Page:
This excellent article by Michael Cook titled “Everybody’s a Winner When Euthanasia Combines with Organ Donation, Says Doctors” is a must read for anyone concerned about ethics and healthcare.
Michael Cook, the current editor of Mercatornet, writes that
Several Dutch and Belgian doctors have proposed legal reforms to increase the popularity of combining euthanasia and organ donation in the Netherlands and Belgium.
Writing in the Journal of Medical Ethics, they report valuable unpublished information about the prevalence of the procedure. So far, it has been performed only about 40 times in the two countries. However, there is “a persisting discrepancy between the number of organ donors and the number of patients on the waiting lists for transplantation” – which euthanasia patients could help to balance. (Emphasis added)
Ominously, the authors of this British Medical Journal article titled “Legal and ethical aspects of organ donation after euthanasia in Belgium and the Netherlands”, write that public perception of this formerly abhorrent practice is increasingly positive:
“transplant coordinators in Belgium and the Netherlands notice a contemporary trend towards an increasing willingness and motivation to undergo euthanasia and to subsequently donate organs as well, supported by the increasing number of publications in popular media on this topic.”
“In the context of organ donation after euthanasia, the right of self-determination is a paramount ethical and legal aspect. It is the patient’s wish and right to die in a dignified way, and likewise his wish to donate his organs is expressed. Organ donation after euthanasia enables those who do not wish to remain alive to prolong the lives of those who do, and also—compared with ‘classical’ donation after circulatory death—allows many more people to fulfil their wish to donate organs after death.” (Emphasis added)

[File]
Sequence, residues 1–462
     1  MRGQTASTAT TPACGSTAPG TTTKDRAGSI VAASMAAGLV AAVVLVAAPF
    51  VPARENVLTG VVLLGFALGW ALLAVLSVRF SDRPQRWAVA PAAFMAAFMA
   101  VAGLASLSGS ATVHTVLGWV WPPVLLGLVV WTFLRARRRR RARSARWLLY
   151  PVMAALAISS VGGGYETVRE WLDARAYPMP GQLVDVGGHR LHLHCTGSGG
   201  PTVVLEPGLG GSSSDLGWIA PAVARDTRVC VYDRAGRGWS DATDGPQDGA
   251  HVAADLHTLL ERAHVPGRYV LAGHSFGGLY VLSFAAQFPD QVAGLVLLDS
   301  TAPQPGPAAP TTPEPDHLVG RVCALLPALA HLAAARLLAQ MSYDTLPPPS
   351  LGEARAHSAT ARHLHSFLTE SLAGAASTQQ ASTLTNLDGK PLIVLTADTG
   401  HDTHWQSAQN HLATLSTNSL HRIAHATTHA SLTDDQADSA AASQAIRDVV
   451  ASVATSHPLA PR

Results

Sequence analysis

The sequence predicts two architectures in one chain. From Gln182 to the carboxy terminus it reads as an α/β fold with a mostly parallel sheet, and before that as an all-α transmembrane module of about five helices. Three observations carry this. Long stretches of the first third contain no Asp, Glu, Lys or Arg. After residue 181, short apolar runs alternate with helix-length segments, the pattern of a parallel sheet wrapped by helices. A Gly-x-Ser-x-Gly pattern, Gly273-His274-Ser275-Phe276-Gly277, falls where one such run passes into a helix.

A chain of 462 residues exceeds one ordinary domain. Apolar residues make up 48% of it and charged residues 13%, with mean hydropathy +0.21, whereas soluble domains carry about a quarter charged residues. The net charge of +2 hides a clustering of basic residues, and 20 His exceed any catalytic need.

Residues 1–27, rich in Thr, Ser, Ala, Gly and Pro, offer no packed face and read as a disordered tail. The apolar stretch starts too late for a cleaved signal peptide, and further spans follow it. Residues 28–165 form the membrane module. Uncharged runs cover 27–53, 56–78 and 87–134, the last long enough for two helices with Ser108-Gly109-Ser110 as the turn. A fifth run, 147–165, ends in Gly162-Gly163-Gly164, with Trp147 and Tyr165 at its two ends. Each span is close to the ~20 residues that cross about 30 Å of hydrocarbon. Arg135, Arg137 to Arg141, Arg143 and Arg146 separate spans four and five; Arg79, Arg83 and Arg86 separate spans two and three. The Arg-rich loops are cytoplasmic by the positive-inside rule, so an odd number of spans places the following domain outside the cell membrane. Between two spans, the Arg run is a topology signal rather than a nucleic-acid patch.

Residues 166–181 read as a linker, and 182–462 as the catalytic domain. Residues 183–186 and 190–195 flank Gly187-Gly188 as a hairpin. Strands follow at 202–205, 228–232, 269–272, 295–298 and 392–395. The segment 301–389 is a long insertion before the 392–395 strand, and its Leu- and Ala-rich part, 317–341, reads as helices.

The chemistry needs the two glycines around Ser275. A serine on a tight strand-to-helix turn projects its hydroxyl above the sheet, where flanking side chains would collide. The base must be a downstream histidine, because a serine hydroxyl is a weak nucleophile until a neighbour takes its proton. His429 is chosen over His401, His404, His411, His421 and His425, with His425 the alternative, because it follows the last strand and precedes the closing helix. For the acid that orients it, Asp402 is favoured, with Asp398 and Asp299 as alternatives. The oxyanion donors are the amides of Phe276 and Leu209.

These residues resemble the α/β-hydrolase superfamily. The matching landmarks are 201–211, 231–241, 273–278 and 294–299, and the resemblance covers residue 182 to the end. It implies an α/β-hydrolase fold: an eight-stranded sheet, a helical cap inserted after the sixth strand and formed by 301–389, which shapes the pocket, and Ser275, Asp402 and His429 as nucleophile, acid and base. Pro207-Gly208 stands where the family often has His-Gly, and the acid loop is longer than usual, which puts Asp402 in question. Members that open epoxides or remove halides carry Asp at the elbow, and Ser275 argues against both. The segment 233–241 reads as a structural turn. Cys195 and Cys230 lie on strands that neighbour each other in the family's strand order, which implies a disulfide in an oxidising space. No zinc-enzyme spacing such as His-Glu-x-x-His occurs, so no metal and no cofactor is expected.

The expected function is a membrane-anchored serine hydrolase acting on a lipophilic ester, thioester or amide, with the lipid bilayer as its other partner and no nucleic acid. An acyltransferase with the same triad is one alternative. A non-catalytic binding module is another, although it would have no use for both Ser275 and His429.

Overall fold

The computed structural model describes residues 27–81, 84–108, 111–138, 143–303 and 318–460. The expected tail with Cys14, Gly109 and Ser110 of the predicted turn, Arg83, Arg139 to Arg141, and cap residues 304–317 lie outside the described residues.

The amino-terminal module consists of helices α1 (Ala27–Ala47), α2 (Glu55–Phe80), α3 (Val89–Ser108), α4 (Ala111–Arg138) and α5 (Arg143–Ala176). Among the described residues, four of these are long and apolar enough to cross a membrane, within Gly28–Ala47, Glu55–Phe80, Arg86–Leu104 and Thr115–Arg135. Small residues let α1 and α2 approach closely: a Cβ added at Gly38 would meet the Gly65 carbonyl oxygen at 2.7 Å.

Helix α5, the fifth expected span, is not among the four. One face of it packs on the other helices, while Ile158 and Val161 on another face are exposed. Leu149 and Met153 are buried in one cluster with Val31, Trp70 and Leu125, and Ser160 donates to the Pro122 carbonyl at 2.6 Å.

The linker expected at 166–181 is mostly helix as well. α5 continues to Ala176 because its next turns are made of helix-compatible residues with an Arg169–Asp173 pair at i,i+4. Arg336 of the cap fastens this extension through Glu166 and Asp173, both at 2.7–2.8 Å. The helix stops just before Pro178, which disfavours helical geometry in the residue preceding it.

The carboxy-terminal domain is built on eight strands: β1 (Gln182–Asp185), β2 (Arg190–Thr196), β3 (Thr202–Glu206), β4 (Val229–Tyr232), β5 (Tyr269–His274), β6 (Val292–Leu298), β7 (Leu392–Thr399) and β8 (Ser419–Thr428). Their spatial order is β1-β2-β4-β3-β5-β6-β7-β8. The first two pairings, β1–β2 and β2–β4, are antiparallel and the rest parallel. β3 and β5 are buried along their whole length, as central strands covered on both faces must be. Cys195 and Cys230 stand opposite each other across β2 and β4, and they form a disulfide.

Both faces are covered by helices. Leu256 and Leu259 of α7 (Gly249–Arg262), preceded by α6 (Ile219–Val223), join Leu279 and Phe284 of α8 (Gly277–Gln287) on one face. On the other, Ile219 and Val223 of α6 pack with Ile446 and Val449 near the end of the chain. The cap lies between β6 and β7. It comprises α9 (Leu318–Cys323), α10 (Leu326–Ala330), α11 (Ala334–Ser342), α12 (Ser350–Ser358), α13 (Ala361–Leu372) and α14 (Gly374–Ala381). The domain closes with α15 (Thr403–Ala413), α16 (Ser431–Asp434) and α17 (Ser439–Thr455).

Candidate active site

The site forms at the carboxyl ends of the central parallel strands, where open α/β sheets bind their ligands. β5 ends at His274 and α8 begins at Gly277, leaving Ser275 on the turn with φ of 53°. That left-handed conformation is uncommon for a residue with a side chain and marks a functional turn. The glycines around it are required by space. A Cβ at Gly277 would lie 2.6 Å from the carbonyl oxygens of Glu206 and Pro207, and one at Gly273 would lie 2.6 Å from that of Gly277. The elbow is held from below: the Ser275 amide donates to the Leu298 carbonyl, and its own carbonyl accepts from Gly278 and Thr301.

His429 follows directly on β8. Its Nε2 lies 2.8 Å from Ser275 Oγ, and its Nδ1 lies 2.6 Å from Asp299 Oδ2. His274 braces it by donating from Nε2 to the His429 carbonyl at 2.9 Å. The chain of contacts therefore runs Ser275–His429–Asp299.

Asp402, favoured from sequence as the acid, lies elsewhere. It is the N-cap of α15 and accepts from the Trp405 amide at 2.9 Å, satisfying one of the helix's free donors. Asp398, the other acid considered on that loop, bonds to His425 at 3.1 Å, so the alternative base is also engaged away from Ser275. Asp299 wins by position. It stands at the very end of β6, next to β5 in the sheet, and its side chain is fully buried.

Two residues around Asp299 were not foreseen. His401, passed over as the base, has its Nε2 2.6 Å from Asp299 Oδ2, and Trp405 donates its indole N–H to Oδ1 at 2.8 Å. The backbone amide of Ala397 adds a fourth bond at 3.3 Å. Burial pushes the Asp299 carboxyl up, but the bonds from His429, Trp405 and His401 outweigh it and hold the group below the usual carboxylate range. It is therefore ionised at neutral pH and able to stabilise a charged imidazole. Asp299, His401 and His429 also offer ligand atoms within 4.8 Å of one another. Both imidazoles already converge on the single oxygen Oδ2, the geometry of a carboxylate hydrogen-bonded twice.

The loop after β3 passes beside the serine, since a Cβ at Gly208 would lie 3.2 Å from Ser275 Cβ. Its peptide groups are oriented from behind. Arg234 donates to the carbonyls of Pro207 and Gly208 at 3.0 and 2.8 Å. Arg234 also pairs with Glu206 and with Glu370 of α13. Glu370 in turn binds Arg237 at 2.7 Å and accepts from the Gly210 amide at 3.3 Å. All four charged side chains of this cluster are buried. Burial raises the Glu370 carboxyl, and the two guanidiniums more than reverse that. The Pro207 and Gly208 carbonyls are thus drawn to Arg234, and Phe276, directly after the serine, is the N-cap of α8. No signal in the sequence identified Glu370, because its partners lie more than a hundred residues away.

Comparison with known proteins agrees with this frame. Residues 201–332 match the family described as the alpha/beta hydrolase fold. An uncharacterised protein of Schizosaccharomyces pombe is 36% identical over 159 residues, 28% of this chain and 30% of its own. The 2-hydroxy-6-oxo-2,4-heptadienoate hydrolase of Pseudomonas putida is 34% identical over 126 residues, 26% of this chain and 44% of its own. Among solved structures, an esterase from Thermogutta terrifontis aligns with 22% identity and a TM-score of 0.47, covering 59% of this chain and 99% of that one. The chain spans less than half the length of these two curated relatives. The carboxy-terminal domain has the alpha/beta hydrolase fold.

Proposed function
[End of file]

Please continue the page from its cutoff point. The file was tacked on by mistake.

This slippery slope actually started in 1998 when Jack Kevorkian removed the kidneys of one of his victims and offered them for transplantation. Almost everyone was stunned and horrified. Transplant surgeons refused the organs at that time but the reasons given in some news articles unfortunately had less to do with the ethics than with the concerns over the viability of the organs and the harvesting technique of the organs themselves.
By 2003, the prestigious journal Critical Care Medicine published an article titled “Role of brain death and the dead-donor rule in the ethics of organ transplantation” by Drs. Robert D. Troug and Walter M. Robinson that went even further:
“We propose that individuals who desire to donate their organs and who are either neurologically devastated or imminently dying should be allowed to donate their organs, without first being declared dead”. (Emphasis added)
Thus, the actual cause of death would be the organ removal which, in itself, would be euthanasia.
We should not assume that legalized organ donation euthanasia can’t happen here in the US when the public has already been softened up for years by a mostly sympathetic media publicizing sad cases like Brittany Maynard’s and the relentless Compassion and Choices campaign to legalize physician-assisted suicide in every US state.
I can even envision a time when organ donation euthanasia could be presented to the public as merely “medically assisted death-with benefits.”